“From my experiences with Floating, I knew Tufts was a great institution,” Dr. Ruan says. So when she decided she did indeed want to pursue medicine as a career, Tufts University School of Medicine – also located in Chinatown – was at the top of the list. A standout undergraduate student at the Massachusetts Institute of Technology, she could have gone almost anywhere in the United States, but she felt a connection to Chinatown and her mother encouraged her to stay local as her brother, also a TUSM student, had in 2002. She followed her heart, her mother’s advice and her brother’s footsteps and entered Tufts University’s Medical School in 2007.

“Starting medical school can be scary,” she says. “But being in the neighborhood and near family made the transition easier.”

The benefit of Dr. Ruan’s local presence was felt by Tufts Medical Center patients as well. The first two years of medical school are spent largely in the classroom, but in years three and four, students begin to round with attending physicians and interact with patients.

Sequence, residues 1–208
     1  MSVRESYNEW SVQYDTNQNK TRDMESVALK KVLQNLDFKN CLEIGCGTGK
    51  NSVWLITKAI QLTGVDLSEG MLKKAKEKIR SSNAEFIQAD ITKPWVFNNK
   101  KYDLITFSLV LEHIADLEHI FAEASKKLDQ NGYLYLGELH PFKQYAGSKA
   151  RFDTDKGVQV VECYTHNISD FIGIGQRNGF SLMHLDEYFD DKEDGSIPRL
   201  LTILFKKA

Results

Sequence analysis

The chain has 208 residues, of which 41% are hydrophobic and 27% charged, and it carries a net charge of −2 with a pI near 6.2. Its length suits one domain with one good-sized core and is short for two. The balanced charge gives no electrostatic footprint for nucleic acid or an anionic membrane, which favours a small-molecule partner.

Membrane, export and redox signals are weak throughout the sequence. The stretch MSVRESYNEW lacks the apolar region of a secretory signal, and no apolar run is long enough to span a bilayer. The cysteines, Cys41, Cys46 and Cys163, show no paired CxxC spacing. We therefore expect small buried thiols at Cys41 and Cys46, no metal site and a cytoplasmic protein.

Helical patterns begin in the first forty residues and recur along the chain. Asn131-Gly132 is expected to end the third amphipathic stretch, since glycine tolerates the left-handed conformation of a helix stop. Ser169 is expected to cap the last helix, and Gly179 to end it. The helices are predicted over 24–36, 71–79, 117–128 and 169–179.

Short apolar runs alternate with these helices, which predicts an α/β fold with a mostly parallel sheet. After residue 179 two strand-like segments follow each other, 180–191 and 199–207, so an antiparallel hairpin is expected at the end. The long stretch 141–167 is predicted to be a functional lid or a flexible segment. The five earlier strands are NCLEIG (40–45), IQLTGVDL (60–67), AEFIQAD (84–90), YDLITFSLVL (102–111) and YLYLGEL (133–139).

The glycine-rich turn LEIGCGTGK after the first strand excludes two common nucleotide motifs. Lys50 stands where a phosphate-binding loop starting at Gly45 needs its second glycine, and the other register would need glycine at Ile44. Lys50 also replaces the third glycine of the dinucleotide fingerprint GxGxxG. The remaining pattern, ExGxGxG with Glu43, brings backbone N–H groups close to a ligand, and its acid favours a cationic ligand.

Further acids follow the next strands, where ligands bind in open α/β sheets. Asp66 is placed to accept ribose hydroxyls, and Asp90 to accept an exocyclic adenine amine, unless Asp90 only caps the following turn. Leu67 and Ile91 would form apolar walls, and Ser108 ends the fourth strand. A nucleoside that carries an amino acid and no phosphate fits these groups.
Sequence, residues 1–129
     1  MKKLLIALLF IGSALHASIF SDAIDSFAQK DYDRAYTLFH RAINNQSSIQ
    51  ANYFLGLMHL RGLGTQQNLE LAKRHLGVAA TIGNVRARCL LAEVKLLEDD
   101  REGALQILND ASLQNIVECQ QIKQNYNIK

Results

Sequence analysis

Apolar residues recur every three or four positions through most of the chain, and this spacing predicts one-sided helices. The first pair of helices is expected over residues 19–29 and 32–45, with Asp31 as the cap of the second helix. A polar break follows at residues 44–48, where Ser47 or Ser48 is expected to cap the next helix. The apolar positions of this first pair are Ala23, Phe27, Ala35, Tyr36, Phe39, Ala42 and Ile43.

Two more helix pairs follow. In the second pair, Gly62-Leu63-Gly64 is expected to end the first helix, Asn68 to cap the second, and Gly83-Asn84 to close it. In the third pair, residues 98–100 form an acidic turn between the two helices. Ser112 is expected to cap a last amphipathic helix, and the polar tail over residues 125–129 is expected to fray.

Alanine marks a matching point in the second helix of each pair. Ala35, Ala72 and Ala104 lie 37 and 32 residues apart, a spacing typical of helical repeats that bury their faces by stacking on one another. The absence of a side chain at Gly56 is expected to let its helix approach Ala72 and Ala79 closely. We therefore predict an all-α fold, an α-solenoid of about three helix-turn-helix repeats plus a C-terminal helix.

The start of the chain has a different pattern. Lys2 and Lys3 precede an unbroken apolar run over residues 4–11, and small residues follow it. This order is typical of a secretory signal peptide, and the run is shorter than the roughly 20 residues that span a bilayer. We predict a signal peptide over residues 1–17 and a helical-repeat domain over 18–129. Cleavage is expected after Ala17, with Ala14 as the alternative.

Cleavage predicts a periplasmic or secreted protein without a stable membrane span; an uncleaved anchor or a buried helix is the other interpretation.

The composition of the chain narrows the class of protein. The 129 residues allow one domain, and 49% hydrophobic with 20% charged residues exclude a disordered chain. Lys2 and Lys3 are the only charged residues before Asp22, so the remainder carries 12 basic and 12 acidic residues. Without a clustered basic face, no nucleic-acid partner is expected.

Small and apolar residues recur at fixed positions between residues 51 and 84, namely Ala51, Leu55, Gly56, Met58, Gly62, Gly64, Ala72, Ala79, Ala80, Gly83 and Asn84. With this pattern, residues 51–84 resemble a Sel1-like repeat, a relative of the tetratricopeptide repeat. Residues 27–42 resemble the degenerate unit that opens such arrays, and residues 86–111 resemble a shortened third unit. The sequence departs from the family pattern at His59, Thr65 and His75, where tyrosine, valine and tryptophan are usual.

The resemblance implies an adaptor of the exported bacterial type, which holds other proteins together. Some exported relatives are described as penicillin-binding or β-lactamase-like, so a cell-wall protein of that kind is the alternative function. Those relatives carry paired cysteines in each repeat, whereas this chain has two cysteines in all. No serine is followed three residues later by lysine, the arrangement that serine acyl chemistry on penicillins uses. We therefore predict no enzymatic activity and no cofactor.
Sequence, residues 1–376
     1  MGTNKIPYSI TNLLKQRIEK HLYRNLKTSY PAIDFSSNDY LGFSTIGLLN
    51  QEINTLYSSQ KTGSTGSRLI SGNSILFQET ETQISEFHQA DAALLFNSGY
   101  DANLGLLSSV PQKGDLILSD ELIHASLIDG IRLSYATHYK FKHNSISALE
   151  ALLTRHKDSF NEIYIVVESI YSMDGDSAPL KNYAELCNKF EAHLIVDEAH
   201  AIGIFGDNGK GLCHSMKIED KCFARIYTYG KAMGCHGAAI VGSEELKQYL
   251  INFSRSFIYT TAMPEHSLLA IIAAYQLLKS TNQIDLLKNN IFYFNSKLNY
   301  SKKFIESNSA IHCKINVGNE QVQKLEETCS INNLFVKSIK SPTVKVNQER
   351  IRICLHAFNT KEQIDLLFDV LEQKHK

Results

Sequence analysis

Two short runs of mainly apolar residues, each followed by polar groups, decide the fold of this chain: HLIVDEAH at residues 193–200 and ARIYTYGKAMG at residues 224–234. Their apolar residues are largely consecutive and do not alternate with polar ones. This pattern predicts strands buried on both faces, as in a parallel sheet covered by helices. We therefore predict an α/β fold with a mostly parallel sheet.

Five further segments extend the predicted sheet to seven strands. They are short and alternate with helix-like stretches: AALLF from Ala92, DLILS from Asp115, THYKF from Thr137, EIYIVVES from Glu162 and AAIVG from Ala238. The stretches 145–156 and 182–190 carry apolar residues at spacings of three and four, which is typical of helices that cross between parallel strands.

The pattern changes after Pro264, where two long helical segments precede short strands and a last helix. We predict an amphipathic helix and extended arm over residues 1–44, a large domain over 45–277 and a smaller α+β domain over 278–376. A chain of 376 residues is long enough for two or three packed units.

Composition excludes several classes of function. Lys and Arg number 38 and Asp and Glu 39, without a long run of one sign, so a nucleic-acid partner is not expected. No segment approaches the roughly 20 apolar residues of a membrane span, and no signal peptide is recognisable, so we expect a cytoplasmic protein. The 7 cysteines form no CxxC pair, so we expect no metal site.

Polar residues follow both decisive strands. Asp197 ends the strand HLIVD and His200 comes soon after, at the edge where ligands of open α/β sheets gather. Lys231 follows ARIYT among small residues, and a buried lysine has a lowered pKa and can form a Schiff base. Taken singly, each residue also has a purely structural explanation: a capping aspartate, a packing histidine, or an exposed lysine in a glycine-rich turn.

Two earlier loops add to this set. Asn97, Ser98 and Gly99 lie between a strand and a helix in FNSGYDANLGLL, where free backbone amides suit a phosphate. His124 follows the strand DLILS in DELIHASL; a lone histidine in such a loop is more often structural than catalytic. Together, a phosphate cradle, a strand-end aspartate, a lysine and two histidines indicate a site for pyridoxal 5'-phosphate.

“Being in medical school here allowed me to be plugged back in to the community,” she says. “Being able to talk to patients in their natural language was so rewarding. Many patients were trying to explain difficult issues in broken English; they were very happy when they learned I could speak their language. There is a strong connection when the medical provider can speak the language.  There is a nuance to the conversation.”

This experience was particularly meaningful to Dr. Ruan since her parents do not speak fluent English. She knew well the challenges these immigrants were facing in communicating their medical concerns.

Director of Urogynecology, Tanaz R. Ferzandi, MD has witnessed the effect Dr. Ruan has on her patients. “When a patient sees her enter the room and she starts talking to them, they light up. They feel  safe with her, and Jenny recognizes that.  She has a conversation with them and makes them feel comfortable to discuss intimately personal issues about their health that they might otherwise hesitate to do so,” Dr. Ferzandi says.